Peter Wennink emphasises the importance of credibility. Left: Rob van Gijzel.
Of course you need money. A lot of money. Because a high-tech start-up developing hardware cannot live off spare change. They need millions. But even more importantly, they need credibility. Because without credibility there aren’t any investors anyway.
And that’s exactly the problem when starting a company: you have plenty to do just to prove what you can accomplish. And that applies to a hardware company in the tech-sector to an even greater extent: there aren’t any specialists who can determine the true value of such a company.
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The chicken and the egg
When it comes to funding, many start-ups suffer from a serial chicken-and-the-egg-situation. No investor wants to take the leap first, and rightly so, as they have little affinity with the technology in which they are investing their money. Months go by in the search for potential investors and they hear the same story over and over again from investor after investor: “Yes, I’d be confident about getting involved if someone else was also investing. As it is I’d rather wait a while.”
Infuriating. That’s how participants describe this phenomenon as the third round of Startup Bootcamp High Tech XL kicks off. An exciting discussion is held at the High Tech Campus. Who will crack the chicken-and-the-egg-discussion? Should there be a fund with tens of millions of start-up capital? Or is something else needed? The Mayor of Eindhoven, Rob van Gijzel, and the CEO of ASML, Peter Wennink, actively participated in the debate.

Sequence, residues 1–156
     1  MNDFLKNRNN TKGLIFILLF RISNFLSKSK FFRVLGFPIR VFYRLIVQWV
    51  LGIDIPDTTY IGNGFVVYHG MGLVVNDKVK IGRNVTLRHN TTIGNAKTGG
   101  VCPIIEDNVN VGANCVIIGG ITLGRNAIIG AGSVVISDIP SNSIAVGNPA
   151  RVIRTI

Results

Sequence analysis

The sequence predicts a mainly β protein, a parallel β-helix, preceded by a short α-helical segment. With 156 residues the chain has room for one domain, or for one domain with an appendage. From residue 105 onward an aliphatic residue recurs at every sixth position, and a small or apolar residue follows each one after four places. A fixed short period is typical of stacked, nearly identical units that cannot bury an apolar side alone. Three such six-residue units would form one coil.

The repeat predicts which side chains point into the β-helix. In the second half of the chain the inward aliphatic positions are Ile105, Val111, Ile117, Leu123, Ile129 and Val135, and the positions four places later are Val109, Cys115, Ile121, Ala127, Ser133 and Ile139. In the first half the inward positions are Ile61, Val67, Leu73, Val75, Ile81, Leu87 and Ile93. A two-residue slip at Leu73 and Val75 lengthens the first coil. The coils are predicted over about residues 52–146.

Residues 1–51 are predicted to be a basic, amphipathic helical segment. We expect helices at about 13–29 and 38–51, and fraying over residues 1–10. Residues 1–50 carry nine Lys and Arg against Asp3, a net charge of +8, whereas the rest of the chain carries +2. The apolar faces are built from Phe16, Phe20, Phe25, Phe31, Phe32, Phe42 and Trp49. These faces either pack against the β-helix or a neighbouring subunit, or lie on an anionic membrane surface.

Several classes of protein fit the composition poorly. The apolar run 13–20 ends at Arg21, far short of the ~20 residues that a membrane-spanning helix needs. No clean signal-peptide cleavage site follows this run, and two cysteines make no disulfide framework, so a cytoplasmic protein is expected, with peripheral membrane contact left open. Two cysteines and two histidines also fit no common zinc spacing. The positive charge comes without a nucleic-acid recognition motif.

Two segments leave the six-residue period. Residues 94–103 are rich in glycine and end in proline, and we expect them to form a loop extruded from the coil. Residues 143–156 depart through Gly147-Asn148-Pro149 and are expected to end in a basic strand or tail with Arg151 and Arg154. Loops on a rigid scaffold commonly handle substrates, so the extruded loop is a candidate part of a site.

Wennink touched a sore spot: “There are enough financiers. But as a region we need to boost the credibility of the promising start-ups, so that those financiers actually dare invest their money.”
In short, if start-ups are too young to be able to enhance their credibility themselves and their products are too under-developed for lenders, the established companies in the region should help them. Philips and ASML could help Eindhoven start-ups like Effect Photonics or Avular gain investors. This will ultimately benefit the region because products can be manufactured more quickly, which will also produce the envisaged effects more quickly. For the companies themselves of course, but certainly also for their clients.
Over the course of the discussion it is explained that the concrete help could take place both incidentally and structurally. Wennink suggests the establishment of a permanent advisory board of specialists in the region, from academics to entrepreneurs. After a positive assessment of a start-up, an advisory board like this could then take all the necessary actions to crack the credibility problem. Whether it’s the chicken or the egg, it’s all for the best results.
Avular is a team of TU/e and Tilburg University alumni. Their integrator system for “Unmanned Aerial Systems (UAS)” has specific capabilities in the areas of control systems and mechanic design. Together with industry experts in the field of industrial inspection, Avular supplies market-specific vertical integration of UAS, sensor and data storage systems.
EFFECT Photonics is a TU/e spin-out and leader in the design and development of optical components. The technology is based on “Photonic Integrated Circuits” and can be used in mobile networks and data centres.
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